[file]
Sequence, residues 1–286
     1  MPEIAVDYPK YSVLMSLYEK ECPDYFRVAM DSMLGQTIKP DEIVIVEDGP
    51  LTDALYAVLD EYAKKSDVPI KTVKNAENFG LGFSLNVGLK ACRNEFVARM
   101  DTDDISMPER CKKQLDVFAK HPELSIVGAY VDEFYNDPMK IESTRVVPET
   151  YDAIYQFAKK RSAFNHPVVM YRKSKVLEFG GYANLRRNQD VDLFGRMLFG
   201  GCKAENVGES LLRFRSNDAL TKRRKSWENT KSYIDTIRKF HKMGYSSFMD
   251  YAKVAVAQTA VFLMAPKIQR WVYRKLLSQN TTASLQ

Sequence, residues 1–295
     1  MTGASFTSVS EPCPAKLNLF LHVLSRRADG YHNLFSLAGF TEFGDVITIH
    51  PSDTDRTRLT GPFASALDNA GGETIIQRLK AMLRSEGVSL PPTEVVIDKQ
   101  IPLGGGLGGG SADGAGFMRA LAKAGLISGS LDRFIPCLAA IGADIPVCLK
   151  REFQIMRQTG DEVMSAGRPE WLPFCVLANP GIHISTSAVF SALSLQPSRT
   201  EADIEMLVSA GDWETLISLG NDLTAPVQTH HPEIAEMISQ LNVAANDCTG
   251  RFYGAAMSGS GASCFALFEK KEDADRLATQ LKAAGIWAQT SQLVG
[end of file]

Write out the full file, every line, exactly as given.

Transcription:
Sequence, residues 1–286
     1  MPEIAVDYPK YSVLMSLYEK ECPDYFRVAM DSMLGQTIKP DEIVIVEDGP
    51  LTDALYAVLD EYAKKSDVPI KTVKNAENFG LGFSLNVGLK ACRNEFVARM
   101  DTDDISMPER CKKQLDVFAK HPELSIVGAY VDEFYNDPMK IESTRVVPET
   151  YDAIYQFAKK RSAFNHPVVM YRKSKVLEFG GYANLRRNQD VDLFGRMLFG
   201  GCKAENVGES LLRFRSNDAL TKRRKSWENT KSYIDTIRKF HKMGYSSFMD
   251  YAKVAVAQTA VFLMAPKIQR WVYRKLLSQN TTASLQ

Sequence, residues 1–295
     1  MTGASFTSVS EPCPAKLNLF LHVLSRRADG YHNLFSLAGF TEFGDVITIH
    51  PSDTDRTRLT GPFASALDNA GGETIIQRLK AMLRSEGVSL PPTEVVIDKQ
   101  IPLGGGLGGG SADGAGFMRA LAKAGLISGS LDRFIPCLAA IGADIPVCLK
   151  REFQIMRQTG DEVMSAGRPE WLPFCVLANP GIHISTSAVF SALSLQPSRT
   201  EADIEMLVSA GDWETLISLG NDLTAPVQTH HPEIAEMISQ LNVAANDCTG
   251  RFYGAAMSGS GASCFALFEK KEDADRLATQ LKAAGIWAQT SQLVG